posted by vaportrail at 11:45 PM on March 18, 2009


Well, in the Caylee Anthony case, a lot of cellphone call logs and actual text messages between Casey Anthony and her friends have been not only provided as evidence to the police, but also released/leaked to the public domain.
posted by slightlybewildered at 11:50 PM on March 18, 2009


If they do delete it after a few months, never fear. The NSA has a copy.
posted by fourcheesemac at 4:16 AM on March 19, 2009


In the digital age, the best rule of thumb is never, ever to do anything in an electronic medium that you would be uncomfortable seeing in court.

Text messages may be deleted but there may be a backup. Or a printout. You never know.

Emails are very likely archived somewhere. All email providers keep backups, and who knows how often those backups are recycled?

Anything on your computer may stay on your computer long after you've "deleted" it, unless you use a program to erase free space.

If you need to communicate something personal, use the phone. If you need to communicate something that could, arguably, be actionable, do it in person.
posted by musofire at 7:06 AM on March 19, 2009


I was worried about this once (not for legal reasons) and my carrier told me they don't save them. Does it depend on the carrier? Or maybe a low-level CSR just couldn't access them. Call the company and talk to your lawyer.
posted by Lullen at 7:46 AM on March 19, 2009


If they do delete it after a few months, never fear. The NSA has a copy.
posted by fourcheesemac at 4:16 AM on March 19 [+] [!]


However the NSA is not suppose to exist.... How can you subpoena something from someone who says they are not there?
posted by Mastercheddaar at 8:21 AM on March 19, 2009


However the NSA is not suppose to exist.... How can you subpoena something from someone who says they are not there?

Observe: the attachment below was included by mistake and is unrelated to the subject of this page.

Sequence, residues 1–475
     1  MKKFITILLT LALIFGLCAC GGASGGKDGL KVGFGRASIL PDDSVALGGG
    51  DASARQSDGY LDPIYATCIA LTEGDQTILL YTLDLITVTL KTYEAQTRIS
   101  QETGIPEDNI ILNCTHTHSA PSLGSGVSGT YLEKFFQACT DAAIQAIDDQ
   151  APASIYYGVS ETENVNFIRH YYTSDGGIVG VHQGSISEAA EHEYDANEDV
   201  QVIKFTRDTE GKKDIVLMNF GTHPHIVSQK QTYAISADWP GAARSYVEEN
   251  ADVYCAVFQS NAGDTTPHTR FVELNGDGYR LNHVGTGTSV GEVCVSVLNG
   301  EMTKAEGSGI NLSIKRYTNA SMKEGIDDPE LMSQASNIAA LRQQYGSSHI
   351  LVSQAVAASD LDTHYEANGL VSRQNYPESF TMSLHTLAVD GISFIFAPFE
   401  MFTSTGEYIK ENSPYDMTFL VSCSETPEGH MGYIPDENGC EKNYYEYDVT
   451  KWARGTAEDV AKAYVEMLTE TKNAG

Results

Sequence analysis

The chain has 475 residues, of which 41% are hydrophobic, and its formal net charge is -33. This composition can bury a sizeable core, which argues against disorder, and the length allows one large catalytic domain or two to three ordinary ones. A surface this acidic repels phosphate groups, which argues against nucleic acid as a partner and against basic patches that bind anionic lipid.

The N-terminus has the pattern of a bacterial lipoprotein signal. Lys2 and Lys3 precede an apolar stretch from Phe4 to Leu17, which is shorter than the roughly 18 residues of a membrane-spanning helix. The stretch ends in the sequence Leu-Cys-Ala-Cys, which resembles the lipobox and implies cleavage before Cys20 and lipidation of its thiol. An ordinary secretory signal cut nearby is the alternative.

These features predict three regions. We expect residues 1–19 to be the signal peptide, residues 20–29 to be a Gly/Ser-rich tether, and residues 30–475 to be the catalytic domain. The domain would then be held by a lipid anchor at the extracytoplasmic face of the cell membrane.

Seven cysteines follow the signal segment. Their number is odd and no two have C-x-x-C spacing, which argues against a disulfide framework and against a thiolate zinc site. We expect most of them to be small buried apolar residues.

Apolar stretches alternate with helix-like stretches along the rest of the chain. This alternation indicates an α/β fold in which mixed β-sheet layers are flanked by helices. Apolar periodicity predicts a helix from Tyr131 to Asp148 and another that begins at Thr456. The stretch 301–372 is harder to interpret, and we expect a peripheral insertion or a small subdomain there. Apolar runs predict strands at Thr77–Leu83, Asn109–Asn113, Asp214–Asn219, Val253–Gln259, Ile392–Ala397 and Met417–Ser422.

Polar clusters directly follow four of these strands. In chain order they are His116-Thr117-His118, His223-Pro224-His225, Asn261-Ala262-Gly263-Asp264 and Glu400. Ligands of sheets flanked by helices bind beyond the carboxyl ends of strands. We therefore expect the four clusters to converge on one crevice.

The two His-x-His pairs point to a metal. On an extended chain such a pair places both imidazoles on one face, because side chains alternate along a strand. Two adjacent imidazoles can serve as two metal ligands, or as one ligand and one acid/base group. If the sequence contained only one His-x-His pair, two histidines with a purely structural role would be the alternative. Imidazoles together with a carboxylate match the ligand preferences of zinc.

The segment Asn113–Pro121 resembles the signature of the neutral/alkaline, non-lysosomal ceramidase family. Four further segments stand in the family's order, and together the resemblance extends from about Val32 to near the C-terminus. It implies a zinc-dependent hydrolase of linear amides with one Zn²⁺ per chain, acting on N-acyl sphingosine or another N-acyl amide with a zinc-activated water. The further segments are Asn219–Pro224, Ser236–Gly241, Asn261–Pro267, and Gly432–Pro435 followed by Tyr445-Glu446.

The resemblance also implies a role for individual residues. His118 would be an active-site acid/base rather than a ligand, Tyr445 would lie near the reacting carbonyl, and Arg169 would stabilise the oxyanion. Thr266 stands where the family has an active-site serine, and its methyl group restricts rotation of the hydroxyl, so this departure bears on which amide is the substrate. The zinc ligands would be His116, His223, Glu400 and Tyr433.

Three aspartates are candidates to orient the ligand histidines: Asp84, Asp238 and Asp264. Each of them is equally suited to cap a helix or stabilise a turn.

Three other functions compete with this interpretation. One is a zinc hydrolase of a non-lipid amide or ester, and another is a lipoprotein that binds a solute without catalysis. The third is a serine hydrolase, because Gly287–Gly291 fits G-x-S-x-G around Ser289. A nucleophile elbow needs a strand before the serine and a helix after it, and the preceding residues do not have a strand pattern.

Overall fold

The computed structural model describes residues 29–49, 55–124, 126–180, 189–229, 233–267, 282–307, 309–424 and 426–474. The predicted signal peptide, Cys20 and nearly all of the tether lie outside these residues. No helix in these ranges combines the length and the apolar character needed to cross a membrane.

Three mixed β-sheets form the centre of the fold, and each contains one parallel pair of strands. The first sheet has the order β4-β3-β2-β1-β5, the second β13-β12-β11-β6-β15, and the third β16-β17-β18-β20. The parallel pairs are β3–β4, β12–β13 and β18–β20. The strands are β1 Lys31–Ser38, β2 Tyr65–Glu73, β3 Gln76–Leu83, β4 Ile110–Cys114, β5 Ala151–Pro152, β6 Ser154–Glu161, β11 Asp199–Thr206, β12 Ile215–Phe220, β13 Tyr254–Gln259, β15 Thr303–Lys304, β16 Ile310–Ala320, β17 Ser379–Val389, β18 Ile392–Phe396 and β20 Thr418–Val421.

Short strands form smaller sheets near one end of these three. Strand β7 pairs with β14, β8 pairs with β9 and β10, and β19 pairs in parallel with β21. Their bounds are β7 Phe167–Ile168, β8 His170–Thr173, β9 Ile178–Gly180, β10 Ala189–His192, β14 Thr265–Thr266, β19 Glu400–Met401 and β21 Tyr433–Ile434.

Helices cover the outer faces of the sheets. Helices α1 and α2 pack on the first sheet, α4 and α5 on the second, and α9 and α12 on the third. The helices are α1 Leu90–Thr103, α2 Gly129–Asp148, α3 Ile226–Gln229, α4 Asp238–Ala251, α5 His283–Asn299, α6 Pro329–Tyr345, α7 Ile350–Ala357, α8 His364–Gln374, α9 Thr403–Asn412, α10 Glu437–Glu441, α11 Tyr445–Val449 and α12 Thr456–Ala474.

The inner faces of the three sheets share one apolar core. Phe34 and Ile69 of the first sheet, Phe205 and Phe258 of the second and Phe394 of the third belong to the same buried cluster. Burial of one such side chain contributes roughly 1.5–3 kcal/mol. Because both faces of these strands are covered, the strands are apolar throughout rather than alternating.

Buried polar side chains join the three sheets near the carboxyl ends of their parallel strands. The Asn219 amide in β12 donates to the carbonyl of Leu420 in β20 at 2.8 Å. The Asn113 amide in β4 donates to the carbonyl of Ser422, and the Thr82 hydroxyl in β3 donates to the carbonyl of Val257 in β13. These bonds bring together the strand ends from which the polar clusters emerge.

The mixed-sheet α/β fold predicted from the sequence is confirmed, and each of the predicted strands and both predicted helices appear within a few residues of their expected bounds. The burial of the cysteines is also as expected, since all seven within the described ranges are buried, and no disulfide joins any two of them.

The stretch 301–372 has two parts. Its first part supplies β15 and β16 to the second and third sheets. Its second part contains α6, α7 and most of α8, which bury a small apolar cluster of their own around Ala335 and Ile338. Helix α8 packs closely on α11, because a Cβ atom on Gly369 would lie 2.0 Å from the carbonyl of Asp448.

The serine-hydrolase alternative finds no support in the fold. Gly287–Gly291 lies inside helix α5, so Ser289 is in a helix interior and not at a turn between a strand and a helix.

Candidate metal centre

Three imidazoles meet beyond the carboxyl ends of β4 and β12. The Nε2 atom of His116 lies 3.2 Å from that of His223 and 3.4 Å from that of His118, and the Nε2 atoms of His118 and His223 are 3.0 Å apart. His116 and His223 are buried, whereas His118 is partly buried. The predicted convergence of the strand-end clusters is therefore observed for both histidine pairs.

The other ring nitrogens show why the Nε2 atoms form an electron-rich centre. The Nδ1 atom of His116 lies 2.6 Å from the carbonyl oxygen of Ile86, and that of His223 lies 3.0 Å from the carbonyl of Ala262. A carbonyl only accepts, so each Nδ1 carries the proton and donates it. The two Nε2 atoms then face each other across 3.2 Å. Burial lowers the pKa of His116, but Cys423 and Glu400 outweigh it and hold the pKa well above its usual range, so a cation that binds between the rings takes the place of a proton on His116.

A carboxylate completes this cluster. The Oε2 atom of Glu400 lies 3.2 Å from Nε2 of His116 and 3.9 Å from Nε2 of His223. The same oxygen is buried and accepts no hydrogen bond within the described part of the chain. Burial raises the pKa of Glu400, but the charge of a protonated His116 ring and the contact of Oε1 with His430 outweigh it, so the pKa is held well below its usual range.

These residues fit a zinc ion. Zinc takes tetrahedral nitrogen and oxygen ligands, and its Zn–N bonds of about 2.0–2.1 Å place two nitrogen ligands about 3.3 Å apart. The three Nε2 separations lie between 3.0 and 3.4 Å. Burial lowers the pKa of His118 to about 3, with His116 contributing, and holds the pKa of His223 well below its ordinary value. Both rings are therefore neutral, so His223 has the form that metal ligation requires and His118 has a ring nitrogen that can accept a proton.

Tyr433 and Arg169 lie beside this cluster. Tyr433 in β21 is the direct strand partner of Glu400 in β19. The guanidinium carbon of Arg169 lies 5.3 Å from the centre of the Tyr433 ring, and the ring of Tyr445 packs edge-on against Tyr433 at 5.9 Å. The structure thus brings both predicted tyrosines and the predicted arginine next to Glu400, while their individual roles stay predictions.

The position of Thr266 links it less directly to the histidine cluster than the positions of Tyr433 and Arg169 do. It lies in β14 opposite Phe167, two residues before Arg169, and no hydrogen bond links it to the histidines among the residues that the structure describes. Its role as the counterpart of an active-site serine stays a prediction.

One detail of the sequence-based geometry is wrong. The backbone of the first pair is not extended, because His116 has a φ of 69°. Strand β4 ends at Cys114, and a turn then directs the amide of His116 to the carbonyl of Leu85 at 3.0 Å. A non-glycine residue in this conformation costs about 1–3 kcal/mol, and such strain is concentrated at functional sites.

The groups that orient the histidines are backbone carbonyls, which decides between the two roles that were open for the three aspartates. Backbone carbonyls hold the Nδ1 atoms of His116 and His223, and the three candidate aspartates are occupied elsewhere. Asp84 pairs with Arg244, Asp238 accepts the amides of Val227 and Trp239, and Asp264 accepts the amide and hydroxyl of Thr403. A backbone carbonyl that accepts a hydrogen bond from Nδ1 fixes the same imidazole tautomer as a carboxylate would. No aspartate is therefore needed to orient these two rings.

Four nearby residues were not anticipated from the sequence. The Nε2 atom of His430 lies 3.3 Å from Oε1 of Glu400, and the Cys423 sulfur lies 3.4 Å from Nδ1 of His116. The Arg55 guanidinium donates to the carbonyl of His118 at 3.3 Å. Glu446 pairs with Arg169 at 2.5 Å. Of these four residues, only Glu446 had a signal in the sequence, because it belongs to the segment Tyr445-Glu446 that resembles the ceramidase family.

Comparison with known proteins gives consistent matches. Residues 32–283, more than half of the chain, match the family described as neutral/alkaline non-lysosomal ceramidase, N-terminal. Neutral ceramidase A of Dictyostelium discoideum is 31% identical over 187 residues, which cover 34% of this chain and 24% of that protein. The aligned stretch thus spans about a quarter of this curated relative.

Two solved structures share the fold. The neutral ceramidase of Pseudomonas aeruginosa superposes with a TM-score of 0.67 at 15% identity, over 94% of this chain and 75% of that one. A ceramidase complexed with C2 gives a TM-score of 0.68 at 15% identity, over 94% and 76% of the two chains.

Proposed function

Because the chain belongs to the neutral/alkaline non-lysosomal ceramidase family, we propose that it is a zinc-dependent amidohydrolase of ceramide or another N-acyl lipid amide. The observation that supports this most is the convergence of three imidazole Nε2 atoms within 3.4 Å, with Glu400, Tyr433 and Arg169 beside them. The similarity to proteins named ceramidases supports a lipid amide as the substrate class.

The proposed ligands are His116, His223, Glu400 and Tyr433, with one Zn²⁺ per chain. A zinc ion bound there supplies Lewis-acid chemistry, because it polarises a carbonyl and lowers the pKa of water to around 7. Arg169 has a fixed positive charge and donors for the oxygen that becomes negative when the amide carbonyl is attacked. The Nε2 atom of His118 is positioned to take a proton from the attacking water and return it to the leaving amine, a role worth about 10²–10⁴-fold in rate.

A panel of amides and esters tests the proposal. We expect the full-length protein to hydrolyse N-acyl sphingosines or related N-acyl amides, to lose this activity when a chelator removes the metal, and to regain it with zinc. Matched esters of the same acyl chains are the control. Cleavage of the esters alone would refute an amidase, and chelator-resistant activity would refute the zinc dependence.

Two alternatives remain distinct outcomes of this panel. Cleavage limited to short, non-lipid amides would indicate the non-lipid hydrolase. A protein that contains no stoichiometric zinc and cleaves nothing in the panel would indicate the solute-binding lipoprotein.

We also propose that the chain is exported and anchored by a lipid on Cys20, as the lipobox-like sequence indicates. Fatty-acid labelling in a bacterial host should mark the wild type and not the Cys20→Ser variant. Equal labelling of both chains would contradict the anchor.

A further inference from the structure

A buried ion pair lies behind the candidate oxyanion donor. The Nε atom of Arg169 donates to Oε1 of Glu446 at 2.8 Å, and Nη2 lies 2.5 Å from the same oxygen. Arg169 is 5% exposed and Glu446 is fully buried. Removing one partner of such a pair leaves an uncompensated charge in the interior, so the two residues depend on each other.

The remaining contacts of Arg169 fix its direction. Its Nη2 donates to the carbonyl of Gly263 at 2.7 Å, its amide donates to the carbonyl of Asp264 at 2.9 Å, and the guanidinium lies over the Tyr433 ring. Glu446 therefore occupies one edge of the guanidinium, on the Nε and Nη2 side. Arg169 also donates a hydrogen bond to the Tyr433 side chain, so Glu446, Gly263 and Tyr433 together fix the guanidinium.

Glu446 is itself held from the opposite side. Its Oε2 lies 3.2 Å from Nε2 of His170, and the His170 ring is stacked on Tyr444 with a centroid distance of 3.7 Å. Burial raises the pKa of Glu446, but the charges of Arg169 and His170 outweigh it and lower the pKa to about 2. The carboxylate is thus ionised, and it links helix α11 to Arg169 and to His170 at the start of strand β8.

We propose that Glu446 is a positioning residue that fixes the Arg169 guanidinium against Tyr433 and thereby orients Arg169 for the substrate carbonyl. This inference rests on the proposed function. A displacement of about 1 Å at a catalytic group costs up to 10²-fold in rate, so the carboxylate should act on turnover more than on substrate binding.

You could start by going to their public website and finding the contact information and taking it from there?

If this was a joke I missed, my apologies. If you were actually not aware that the National Security Agency is a big government organization with a public information staff, but instead think it's some Sekrit Mystery ninja thing, now your information is more complete.
posted by Sidhedevil at 8:27 AM on March 19, 2009


One thing to consider, at least in a civil case, is that while they are available for subpeona, they tend to be VERY expensive. I worked on a case where the client wanted to subpoena every text message going back to some specific date, but abandoned this plan when she learned they were $5 per message.
posted by Sheppagus at 9:08 AM on March 19, 2009


slightlybewildered: "Well, in the Caylee Anthony case, a lot of cellphone call logs and actual text messages between Casey Anthony and her friends have been not only provided as evidence to the police, but also released/leaked to the public domain."

Regarding this, I'm not sure those texts were obtained from the carrier. At least one of those text message PDFs (I looked at 3) mentioned something called Cellebrite. I googled and discovered is a forensic device made to retrieve data directly from the cell phone.
posted by IndigoRain at 9:15 PM on March 19, 2009